More Info on Engineering Bricks
Starting out, some of our essential building components are Concrete Blocks (Dense and Medium Dense Blocks) and Engineering Bricks, which will be the basic skeletal support of your structure. Both are used in building walls and come as whole pieces or with hollows, in different sizes and shapes. Blocks, however, are far larger and mainly used for load bearing construction, being factory made out of several aggregates in different ratios. Bricks, on the other hand, are chiefly comprised of river clay, shale, sand, calcium silicate, and water. They are formed in molds and are considered environmentally friendly. When the raw materials are subjected to immense heat and then molded, they are known as Engineering Bricks.
The heat treatment makes Engineering Bricks an excellent option for areas that may face water damage, as they do not easily absorb moisture. They are also high on durability and have immense comprehensive strength. Earlier, these were used only for civil engineering purposes, to enhance the technical durability of a structure. Unlike Burnt Clay Bricks (traditional red bricks), Engineering Bricks are not used for facing, but mostly only for strength and sealing, such as around a window, ground work or corners.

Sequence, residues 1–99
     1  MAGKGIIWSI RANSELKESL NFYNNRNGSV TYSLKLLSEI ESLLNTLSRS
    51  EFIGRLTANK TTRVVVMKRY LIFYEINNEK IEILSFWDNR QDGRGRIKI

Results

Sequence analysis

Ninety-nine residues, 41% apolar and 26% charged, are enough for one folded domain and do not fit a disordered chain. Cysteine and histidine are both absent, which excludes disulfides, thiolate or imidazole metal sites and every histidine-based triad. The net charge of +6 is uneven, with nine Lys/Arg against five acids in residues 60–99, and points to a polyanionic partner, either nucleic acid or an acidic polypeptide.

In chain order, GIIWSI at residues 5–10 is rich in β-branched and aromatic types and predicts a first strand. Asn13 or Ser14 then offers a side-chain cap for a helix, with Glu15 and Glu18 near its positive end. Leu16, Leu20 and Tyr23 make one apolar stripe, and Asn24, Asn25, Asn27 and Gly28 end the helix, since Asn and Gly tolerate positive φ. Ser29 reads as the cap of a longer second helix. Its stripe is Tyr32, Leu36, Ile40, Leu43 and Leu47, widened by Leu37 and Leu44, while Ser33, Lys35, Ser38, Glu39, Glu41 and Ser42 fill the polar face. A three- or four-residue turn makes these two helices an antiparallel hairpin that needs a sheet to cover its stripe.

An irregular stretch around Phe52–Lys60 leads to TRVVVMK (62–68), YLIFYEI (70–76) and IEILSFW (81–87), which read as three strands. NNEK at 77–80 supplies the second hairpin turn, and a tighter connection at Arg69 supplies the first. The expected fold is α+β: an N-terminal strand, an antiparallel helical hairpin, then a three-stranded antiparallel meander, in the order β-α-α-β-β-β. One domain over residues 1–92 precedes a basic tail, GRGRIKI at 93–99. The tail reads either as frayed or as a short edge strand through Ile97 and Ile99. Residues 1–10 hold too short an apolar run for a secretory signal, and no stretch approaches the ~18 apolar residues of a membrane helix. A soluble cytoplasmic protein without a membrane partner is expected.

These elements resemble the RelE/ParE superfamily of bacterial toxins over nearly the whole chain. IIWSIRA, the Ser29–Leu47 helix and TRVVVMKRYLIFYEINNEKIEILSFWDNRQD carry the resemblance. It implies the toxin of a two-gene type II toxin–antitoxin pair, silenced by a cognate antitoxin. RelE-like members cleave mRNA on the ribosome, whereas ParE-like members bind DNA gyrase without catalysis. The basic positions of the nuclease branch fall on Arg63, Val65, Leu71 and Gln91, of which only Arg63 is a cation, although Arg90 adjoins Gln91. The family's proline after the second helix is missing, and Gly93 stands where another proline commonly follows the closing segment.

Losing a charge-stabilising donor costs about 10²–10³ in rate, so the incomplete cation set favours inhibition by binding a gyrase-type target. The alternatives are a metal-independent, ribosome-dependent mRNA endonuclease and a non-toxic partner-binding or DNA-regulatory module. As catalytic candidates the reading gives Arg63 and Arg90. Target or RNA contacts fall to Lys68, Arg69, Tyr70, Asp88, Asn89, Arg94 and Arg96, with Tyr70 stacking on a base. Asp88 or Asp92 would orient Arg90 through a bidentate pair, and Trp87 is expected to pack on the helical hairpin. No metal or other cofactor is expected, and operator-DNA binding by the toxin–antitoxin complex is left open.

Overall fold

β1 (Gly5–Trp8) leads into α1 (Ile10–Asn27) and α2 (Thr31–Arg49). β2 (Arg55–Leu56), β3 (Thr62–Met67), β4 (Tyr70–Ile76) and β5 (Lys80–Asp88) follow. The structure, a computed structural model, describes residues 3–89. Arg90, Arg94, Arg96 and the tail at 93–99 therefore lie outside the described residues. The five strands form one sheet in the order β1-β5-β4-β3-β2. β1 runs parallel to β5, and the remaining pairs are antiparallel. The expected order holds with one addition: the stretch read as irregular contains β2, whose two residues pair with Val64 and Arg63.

There are two types of Engineering Bricks, Class A and Class B, which makes it easier for you to choose the right one for your construction. Class B bricks are more popularly used today. They have a water absorption of less than 7%, with strength more than 75N/mm2 (mm²). Class A bricks are much stronger though and are far more resistant to water with absorption of less than 4.5% and compressive power of 125N/mm2 (mm²). In a few rare cases, these bricks are used for external facing, when there is no threat of water damage perceived. Available generally in the classic red hues, Class A bricks come in a blue colour, as they are subjected to higher degrees of heat and also due to the composition of clay and chemicals inherent within.
Choosing the right bricks requires skill and technical knowledge. Engineering Bricks are not an aesthetic choice, but a structural one, based on their physical characteristics. If you have even the slightest doubts about a DIY job, do consult an expert mason before you start.